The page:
Book Reviews of Domino by Karen Ellis
CROSS CURRICULAR and MULTI-CULTURAL RESOURCE
60 Traditional Children's Songs, Games, Proverbs, and Culture from the American Virgin Islands
45 minute Live Sound Field Recording
LISTEN and DOWNLOAD
*Keywords for Cybrarians, Librarians, Media and Technology Specialists
West Indian Culture, Virgin Islands, Caribbean Music, Folksongs, Folklore, Ebonics, ESL, Linguistics, Black History Month Social Studies, American History, Afro American Studies, Juvenile Literature, Popular Culture, Games, Elementary Music Education, Orff Shulwerk, Kodaly, Recreation, Proverbs, Interdisciplinary Educational Curriculum, Thematic Reading Curriculum, Technology Sites, Search Tools, Web Site Development Tools
Los Angeles Times, July 29, 1990
"DOMINO teaches the chants, clap patterns and jump - rope songs of the Virgin Islands, with a cassette recorded on playgrounds of St. Croix by author Karen S. Ellis; the syncopated rhythms are irresistible, and some of the lyrics quite salty."
The Orff Echo, Fall 1990, page 44
"All material is clearly presented with precise and easy-to-understand directions for the games and dances. To maintain authenticity, the words of the songs are written in a mixture of standard English and Cruzian, the dialect of St. Croix. A glossary is provided to assist with unfamiliar words and phrases. Especially interesting is the author's account of her use of an Orff Schulwerk-based approach to teach language skills to the children in a small island town. The accompanying cassette tape, available separately, includes nearly all of the items in the book, most of it performed by the children themselves. No one should miss the priceless rendition of "Ding Dong."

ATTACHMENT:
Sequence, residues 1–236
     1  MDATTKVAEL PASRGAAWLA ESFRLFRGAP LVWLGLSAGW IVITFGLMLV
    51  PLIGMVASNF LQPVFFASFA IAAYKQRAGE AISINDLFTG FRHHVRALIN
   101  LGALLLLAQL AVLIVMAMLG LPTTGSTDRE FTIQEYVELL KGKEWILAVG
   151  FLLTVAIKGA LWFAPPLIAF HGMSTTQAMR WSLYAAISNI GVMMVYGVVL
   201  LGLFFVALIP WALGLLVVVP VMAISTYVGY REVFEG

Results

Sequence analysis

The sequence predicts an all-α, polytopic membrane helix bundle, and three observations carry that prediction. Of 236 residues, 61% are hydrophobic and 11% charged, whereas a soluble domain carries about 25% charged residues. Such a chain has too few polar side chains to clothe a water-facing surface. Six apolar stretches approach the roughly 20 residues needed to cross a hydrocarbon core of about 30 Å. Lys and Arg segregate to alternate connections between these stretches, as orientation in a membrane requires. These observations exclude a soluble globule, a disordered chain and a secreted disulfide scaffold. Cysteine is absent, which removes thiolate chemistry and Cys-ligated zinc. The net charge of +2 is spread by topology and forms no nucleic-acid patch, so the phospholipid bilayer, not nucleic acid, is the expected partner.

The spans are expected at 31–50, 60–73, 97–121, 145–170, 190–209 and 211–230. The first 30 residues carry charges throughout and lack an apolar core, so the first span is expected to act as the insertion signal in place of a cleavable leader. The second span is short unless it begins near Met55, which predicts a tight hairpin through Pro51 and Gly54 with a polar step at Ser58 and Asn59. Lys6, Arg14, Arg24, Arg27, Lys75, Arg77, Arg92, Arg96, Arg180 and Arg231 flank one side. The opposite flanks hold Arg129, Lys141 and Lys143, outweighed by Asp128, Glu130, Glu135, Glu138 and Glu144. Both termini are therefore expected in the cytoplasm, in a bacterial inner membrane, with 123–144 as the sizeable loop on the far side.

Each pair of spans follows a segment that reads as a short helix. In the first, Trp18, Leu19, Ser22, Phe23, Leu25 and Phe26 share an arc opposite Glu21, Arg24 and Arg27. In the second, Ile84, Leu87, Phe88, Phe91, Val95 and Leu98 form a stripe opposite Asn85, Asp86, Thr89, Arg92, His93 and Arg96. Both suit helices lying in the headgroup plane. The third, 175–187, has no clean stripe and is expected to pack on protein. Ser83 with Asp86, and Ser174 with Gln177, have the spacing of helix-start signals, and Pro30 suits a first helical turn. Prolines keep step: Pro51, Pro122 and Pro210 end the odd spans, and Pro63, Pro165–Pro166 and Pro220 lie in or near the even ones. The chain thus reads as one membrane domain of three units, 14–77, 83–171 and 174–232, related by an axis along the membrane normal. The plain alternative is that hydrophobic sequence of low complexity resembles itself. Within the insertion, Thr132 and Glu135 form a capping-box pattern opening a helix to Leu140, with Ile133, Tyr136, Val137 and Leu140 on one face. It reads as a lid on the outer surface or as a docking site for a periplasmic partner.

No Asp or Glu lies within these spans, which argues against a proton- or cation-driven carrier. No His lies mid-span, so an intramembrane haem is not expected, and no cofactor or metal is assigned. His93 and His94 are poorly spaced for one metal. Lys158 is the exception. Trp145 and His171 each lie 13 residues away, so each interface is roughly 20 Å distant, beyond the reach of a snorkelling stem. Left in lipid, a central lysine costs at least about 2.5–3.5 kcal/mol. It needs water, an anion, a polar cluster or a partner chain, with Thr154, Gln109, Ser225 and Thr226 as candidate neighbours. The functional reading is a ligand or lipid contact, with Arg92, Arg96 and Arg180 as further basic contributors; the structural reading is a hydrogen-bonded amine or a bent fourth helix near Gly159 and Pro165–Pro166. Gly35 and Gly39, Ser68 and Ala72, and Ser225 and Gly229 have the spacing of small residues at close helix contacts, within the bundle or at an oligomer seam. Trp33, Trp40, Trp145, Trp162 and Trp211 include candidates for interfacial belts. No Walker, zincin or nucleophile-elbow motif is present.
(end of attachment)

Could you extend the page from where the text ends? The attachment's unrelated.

The Midwest Book Review, May 26, 1990
An oversized paperback with spiral binging and a 35 minute audio cassette introduce both adult and child listeners to traditional children's songs and proverbs from the American Virgin Islands, providing a unique opportunity to absorb the culture and sounds of an area which has received relatively little attention.
An oversized paperback and 35 minute cassette provides a unique opportunity to absorb the culture and sounds of an area which has received relatively little attention. More than just another ethnic song collection, the tape alone holds merit, the paperback/tape package is recommended above each singly: the book is an essential enhancement to the tape, offering a political and cultural review of the Virgin Islands, teaching advice to teachers who may be considering the tape and workbook for classroom use, and illustrated musical instructions and score sheets for the tape's songs. The small black and white photos of the children at play are particularly intriguing." http://www.execpc.com/~mbr/bookwatch/booklove/#cpb (old link, won't work now)